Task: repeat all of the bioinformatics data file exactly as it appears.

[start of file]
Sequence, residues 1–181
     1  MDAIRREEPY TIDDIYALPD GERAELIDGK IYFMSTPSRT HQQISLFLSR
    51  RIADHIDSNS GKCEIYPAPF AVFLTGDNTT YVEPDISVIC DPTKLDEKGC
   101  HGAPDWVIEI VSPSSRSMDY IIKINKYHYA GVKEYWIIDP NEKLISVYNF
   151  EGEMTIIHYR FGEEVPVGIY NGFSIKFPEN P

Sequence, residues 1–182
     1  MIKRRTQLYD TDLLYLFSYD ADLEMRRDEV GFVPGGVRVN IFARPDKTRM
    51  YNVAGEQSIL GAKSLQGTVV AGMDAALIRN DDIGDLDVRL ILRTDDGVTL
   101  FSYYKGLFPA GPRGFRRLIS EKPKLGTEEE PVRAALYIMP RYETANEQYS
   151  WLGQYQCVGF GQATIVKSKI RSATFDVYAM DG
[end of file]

Sequence, residues 1–181
     1  MDAIRREEPY TIDDIYALPD GERAELIDGK IYFMSTPSRT HQQISLFLSR
    51  RIADHIDSNS GKCEIYPAPF AVFLTGDNTT YVEPDISVIC DPTKLDEKGC
   101  HGAPDWVIEI VSPSSRSMDY IIKINKYHYA GVKEYWIIDP NEKLISVYNF
   151  EGEMTIIHYR FGEEVPVGIY NGFSIKFPEN P

Sequence, residues 1–182
     1  MIKRRTQLYD TDLLYLFSYD ADLEMRRDEV GFVPGGVRVN IFARPDKTRM
    51  YNVAGEQSIL GAKSLQGTVV AGMDAALIRN DDIGDLDVRL ILRTDDGVTL
   101  FSYYKGLFPA GPRGFRRLIS EKPKLGTEEE PVRAALYIMP RYETANEQYS
   151  WLGQYQCVGF GQATIVKSKI RSATFDVYAM DG